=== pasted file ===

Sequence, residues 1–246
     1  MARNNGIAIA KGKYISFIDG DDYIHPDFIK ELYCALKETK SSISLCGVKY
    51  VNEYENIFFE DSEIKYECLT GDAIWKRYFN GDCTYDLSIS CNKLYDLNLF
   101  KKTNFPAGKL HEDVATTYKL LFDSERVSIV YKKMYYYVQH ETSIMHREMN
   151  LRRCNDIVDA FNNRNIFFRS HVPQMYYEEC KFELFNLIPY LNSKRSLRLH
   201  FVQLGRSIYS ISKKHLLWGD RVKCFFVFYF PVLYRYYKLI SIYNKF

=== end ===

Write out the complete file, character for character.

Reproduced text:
Sequence, residues 1–246
     1  MARNNGIAIA KGKYISFIDG DDYIHPDFIK ELYCALKETK SSISLCGVKY
    51  VNEYENIFFE DSEIKYECLT GDAIWKRYFN GDCTYDLSIS CNKLYDLNLF
   101  KKTNFPAGKL HEDVATTYKL LFDSERVSIV YKKMYYYVQH ETSIMHREMN
   151  LRRCNDIVDA FNNRNIFFRS HVPQMYYEEC KFELFNLIPY LNSKRSLRLH
   201  FVQLGRSIYS ISKKHLLWGD RVKCFFVFYF PVLYRYYKLI SIYNKF